An Irish Bernie Madoff
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Before Bernie Madoff, there was Thomas F. Quinn.
Who was also known as Robert Dzigi, Pele Lechien, Tasos Douros, among other aliases quite exotic for an Irish kid from Brooklyn.
Back in November of 2009, just four months after the world famous Madoff was sentenced to 150 years in prison, Thomas Quinn was spending time in Ireland. This was not unusual. Quinn, after all, owned a racing horse named Grey Swallow, which won the 2004 Irish Derby (pictured above). When he flew into JFK airport last November, federal authorities greeted Quinn.
They were charging him with crimes related to a telecommunications fraud ring which may have fattened Quinn’s bank account by as much as $50 million.
Believe it or not, for the 72 year-old Quinn, these charges were fairly minor. During a career that international authorities claim has spanned decades, conservative estimates suggest that Quinn has swindled people out of hundreds of millions of dollars.
“During his swindling career, Mr. Quinn helped run a giant boiler-room operation out of a villa overlooking the French Riviera, had a champion racehorse and was alleged to have helped former financier Martin Frankel pull off one of history's largest insurance frauds,” The Wall Street Journal noted in a March report.
“U.S. authorities say he stole an estimated $500 million total.”
The Journal added that Quinn’s record “includes three SEC injunctions and two federal criminal convictions,” adding that a federal judge once called Quinn "incorrigible" and that his professional life appeared “to be devoted exclusively to securities fraud."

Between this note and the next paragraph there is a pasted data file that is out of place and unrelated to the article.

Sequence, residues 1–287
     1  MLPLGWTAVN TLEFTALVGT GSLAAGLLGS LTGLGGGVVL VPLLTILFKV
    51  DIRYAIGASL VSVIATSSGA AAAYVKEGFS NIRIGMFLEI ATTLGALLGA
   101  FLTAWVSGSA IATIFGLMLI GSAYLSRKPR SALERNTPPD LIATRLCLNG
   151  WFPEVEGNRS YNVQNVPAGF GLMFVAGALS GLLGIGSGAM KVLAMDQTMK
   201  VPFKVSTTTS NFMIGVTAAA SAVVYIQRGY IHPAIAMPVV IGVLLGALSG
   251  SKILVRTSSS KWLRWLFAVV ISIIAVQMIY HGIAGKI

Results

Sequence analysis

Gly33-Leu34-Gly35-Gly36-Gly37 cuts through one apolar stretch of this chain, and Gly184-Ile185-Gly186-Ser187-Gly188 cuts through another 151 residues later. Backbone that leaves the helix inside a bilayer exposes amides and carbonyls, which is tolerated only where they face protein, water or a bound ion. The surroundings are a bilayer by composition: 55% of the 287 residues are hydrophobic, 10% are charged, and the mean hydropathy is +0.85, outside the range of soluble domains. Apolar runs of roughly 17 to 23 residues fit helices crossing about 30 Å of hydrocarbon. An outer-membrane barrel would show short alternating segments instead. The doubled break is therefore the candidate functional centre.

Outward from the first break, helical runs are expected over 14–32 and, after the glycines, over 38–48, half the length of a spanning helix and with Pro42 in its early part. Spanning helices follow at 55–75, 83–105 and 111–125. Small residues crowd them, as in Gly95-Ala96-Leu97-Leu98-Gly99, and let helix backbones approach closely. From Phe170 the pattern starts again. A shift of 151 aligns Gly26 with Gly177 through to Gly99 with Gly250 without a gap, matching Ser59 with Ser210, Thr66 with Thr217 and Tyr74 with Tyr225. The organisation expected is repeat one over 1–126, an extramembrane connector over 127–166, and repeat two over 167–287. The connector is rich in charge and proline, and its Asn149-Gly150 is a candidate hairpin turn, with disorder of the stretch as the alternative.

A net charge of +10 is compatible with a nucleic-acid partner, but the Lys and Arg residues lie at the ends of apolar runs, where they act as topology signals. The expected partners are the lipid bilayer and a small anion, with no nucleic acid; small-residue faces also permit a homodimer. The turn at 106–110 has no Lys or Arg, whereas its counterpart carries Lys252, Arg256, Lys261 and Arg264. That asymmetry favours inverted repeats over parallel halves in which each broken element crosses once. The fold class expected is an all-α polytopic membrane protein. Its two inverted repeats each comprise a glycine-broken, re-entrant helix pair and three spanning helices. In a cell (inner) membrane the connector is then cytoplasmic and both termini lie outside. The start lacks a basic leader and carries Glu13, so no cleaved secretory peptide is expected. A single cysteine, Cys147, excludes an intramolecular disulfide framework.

However, while Bernie Madoff caught the attention of the world and was sentenced to a century and a half in prison, Quinn, thus far, has remained out of the public eye. He has also served only about six years in prison.
Following his arrest after his trip to Ireland, Quinn was taken to a prison near Dallas where he is awaiting a trial which is slated to begin in February 2011.
Quinn could face up to 20 years in prison. Given his colorful career, it should not be surprising that Quinn has pleaded not guilty. Quinn’s life of (alleged) international crime is all the more astonishing given his humble blue collar Irish American upbringing. He grew up in Brooklyn in the 1940s and 1950s. “The only son of an Irish-American truck driver,” as The Wall Street Journal put it.
Quinn attended Catholic grammar schools and eventually moved onto St. John’s University. This is the same path an entire generation of outer-borough Irish Catholics used to become upwardly mobile lawyers, politicians or other movers and shakers. Quinn was clearly ambitious, not to mention accomplished.
So, whereas many of Quinn’s fellow Irish Americans would have moved onto careers with the New York City police or fire departments, Quinn seemed interested in something on a much more grand scale. Quinn was admitted to the New York bar in 1962.
Within a few years, according to the Wall Street Journal, the Securities and Exchange Commission was looking into Quinn’s investment schemes. By the 1980s, Quinn was wheeling and dealing from a posh French villa complete with a waterfall and view of the Mediterranean Sea.
Authorities allege he was selling worthless stocks to naïve investors.
By 1985, Forbes Magazine was reporting that Quinn “was behind a scam” which brought “worthless companies public” in the Unites States and sold shares to “Europeans who can be as transfixed as we are by the American dream.”
French authorities arrested Quinn in 1988. A year later, The Economist magazine dubbed Quinn “the billion dollar brain.” It seemed like the end of the ride for Quinn. A 1993 conviction, however, resulted in no additional jail time beyond the time he’d already spent in French prison. In the 1990s, Quinn’s name was once again was linked to various fraudulent schemes, including the notorious case of Martin Frankel, a Connecticut businessman who “ran one of the biggest insurance schemes in history,” according to the New York Times.
Now, again in prison and awaiting trial, authorities must be wondering if this, finally, is the end of the road for Thomas F. Quinn. It is not the first time people have believed this. Contact at email@example.com or facebook.com/tomdeignan.